If the project doesn't bring you joy/money/experience it might be the time to let it go in order to make room for the other ideas and projects that do. You may not enjoy it anymore or it take too much effort for the money you are making out of it. Make room!
(*) P.O.D Site: Print-on-demand websites, where you can get products with your own artwork and the product is produced on-demand.
8 | community is key
KEY (yes, bold, italic & capital letters) Working from have might be super practical and great especially in times of pandemic. But it also can become super lonely. Family and friends might be super supportive and happy for you but there's nothing like talking to someone that will really understand your struggles as well as your big wins!
Nowadays and thanks to social media, there are lots of ways to connect with like-minded without having to leave your house. Facebook groups, masterminds, WhatsApp group chats, memberships, coaching calls to name a few. Not only can you learn so much from other people but I think, when a group of creative minds get together, they create a special kind of energy out there that makes brainstorming a great source of ideas, inspiration, and encouragement.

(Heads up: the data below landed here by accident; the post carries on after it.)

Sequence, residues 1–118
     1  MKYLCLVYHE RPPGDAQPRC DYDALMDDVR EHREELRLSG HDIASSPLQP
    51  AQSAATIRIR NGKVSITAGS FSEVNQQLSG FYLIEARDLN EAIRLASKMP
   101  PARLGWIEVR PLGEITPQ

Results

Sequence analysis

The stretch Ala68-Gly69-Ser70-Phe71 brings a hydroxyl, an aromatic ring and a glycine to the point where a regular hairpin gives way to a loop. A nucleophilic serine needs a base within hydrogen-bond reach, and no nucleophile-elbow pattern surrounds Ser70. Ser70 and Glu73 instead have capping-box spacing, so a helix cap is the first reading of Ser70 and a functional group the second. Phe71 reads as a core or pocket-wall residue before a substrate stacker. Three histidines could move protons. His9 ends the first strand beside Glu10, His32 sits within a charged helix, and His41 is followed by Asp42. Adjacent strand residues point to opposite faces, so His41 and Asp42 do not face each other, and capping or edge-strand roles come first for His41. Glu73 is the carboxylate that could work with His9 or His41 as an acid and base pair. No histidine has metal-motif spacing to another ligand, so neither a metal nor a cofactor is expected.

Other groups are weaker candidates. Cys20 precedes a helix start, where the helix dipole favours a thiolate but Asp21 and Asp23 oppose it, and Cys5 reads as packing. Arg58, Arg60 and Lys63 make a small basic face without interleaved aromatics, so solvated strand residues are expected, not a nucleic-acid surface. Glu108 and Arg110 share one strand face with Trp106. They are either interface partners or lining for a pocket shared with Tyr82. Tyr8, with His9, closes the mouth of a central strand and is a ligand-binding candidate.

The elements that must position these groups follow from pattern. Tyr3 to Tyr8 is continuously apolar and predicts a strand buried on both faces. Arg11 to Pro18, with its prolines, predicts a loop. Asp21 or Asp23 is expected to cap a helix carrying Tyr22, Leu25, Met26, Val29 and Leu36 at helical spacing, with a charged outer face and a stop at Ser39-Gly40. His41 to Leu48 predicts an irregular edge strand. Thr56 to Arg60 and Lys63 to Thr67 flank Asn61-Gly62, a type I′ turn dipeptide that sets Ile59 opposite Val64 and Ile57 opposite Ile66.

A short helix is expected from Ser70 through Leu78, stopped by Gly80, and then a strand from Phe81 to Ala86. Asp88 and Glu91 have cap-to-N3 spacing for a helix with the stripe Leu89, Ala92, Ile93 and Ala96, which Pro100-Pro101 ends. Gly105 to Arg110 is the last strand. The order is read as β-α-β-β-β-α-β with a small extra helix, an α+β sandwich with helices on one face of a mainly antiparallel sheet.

9 | share it
This one is closely related to the last lesson about community. This year by joining different groups and memberships, and particularly when I started this blog 6 months ago, I started sharing either my point of view or parts of my process, as well as tips that might help others. Some may say "But, why on earth? You are giving away what you know and generating more competition."
See, I don't see it that way, for various reasons:
- I am thankful for the people that did share their experiences with me as I was starting out
- They're not competition because they're not me and we all have our points of view